Invoking this principle gives aid and comfort to the enemy, i. e., the informed declarer who knows exactly who holds the Ace.  It lends an added dimension to declarer’s options, removing some of the guesswork, while his not-so-lucky counterpart/s at the other table (either at matchpoints or team contests) have to blindly work it out on their own.   The defense is giving up too much by adopting this method of leading.

Bobby called to mind a fortuitous incident quite apropos on this very subject.   In the mid-eighties, the semi-finals of a U. S. Team Trials went into overtime and Bobby’s team eked out a one imp victory.   He fondly recalls romping home with a 3NT contract and luckily for him, his opponents were playing JDTI.  The opening lead was the Jack and in desperation, looking at KXX in dummy, RHO rose with his doubleton ace and returned the suit, allowing Bobby to bring home the game.    The same suit was led at the other table, but the contract was 1NT.   In this latter case, the location of the ace was unknown so declarer ducked  (as did Righty) to win in his hand and when LHO got in, he returned the ‘non-committal’ Ten and declarer (not privileged to know where the ace was) rose with his King, lost to the unguarded Ace and made only six tricks.  They captured the Trials Final which qualified them to represent Zone 2, and went on to win the World Championship in 1985 in Sao Paulo, Brazil.  Twenty-three years later Bobby recounts the JDTI hand from the Trials and is a cogent reason for his continuing hang-up about Jack Denies, Ten Implies!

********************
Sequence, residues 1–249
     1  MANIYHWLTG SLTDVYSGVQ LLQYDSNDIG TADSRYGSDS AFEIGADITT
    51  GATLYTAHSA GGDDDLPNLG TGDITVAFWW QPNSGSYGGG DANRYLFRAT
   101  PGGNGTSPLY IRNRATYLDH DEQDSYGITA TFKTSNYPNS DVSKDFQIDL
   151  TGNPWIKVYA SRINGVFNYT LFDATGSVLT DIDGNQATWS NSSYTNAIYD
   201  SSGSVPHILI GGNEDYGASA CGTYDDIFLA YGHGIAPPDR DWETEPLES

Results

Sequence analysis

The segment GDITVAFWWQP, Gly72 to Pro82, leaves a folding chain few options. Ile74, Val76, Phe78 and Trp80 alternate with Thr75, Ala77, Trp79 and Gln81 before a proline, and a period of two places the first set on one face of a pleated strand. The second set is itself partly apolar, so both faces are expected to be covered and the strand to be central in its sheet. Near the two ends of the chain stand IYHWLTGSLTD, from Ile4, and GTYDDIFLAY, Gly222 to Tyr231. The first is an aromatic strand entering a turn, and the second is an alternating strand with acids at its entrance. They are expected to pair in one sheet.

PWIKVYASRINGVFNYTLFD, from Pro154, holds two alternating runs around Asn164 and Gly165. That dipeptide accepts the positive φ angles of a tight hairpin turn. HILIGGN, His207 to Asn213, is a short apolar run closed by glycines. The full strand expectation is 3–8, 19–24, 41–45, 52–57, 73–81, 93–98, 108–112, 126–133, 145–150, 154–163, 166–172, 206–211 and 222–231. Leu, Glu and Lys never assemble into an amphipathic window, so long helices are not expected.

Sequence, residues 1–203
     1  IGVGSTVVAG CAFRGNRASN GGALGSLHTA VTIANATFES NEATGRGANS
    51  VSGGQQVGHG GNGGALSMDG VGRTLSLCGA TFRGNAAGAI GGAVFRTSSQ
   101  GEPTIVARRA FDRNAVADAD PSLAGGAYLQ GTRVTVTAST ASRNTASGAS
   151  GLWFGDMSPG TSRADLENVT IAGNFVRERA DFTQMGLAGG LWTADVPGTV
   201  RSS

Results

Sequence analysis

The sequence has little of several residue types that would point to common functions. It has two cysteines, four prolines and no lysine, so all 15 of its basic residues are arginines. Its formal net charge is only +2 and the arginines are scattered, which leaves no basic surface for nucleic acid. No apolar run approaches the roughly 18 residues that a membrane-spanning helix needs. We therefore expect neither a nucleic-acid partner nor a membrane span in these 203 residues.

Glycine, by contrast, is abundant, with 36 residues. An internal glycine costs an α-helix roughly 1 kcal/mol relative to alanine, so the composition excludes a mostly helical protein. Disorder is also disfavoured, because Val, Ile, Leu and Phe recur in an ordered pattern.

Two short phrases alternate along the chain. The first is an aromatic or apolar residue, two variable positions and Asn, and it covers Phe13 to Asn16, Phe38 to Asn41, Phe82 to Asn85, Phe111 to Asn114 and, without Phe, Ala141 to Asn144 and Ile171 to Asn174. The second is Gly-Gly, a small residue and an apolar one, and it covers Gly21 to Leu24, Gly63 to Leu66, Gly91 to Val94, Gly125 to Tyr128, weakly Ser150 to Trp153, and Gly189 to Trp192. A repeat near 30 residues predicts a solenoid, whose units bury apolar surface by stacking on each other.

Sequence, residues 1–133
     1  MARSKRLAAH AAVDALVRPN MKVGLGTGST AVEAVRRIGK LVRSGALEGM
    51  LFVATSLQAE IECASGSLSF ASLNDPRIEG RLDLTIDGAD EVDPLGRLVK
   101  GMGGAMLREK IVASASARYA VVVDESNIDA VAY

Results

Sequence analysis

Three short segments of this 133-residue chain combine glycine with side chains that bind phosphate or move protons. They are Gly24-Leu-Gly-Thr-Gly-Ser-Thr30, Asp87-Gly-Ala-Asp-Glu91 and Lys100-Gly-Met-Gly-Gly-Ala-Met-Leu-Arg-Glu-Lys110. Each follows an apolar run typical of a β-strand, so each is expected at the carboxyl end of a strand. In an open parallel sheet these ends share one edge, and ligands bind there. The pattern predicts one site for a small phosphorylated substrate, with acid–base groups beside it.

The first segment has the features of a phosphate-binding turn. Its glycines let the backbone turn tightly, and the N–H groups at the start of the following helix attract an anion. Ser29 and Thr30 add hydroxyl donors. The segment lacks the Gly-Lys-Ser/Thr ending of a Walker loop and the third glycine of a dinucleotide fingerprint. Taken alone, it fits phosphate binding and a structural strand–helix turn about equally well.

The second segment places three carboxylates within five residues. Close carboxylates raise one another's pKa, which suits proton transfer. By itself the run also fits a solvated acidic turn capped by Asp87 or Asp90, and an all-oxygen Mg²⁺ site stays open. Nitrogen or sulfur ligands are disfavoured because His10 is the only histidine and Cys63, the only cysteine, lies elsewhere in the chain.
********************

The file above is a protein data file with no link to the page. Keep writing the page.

Stay tuned for more …..


PegDecember 29th, 2008 at 12:08 am

I knew there was more than one good reason that I admire your husband. I, too, cannot stand “jack denies”. Thus, despite the brickbats I must face at times (“you are soooo prehistoric with the conventions you utilize”) – I stick to my principles …. and laugh inwardly when they pay off!

M BlumenthalDecember 29th, 2008 at 8:01 pm

Yes, jack denies may give declarer information, but remember declarer can see two of his side’s hands, but a defender can only see one so thus it may help the defender more than it does the declarer. Also, the opening leader may lie if he feels he has so much of the defense’s assets that his partner doesn’t need to be told the truth. I don’t normally play the convention but will if my partner wishes to.

Judy Kay-WolffDecember 29th, 2008 at 9:44 pm

Mark: I fully understand the two against one principle — allowing the declarer to be one up on the defenders. However, lying to partner (especially on opening lead) I feel is unconscionable and though it may deceive declarer, it may cause your partner to misconstrue declarer’s holding and misdefend as well. It’s six of one — and half a dozen of another — which brings us back to Square One.

M BlumenthalDecember 30th, 2008 at 12:54 am

Judy – The principle is not lying to your partner but deceiving declarer. If you judge your partner will be irrelevant in the defense you might as well try to all you can to mislead declarer. It’s similar to underleading an ace on opening lead. I know Peter Pender did it often. One of the things Goldman told me when we first started playing on the Aces was that he never underled an ace on opening lead. As you can see in my little section about Walvick’s doing so, it’s always the opening leader’s fault if it doesn’t work out. If the leader’s partner works it out very often, there is a good chance the pair is wired.

PaulDecember 30th, 2008 at 11:34 am

It is always interesting to see how a convention, such as Jack denies, can create such diverse opinions. I’m not a fan of it personally but don’t regard it as so violently bad as Bobby appears to.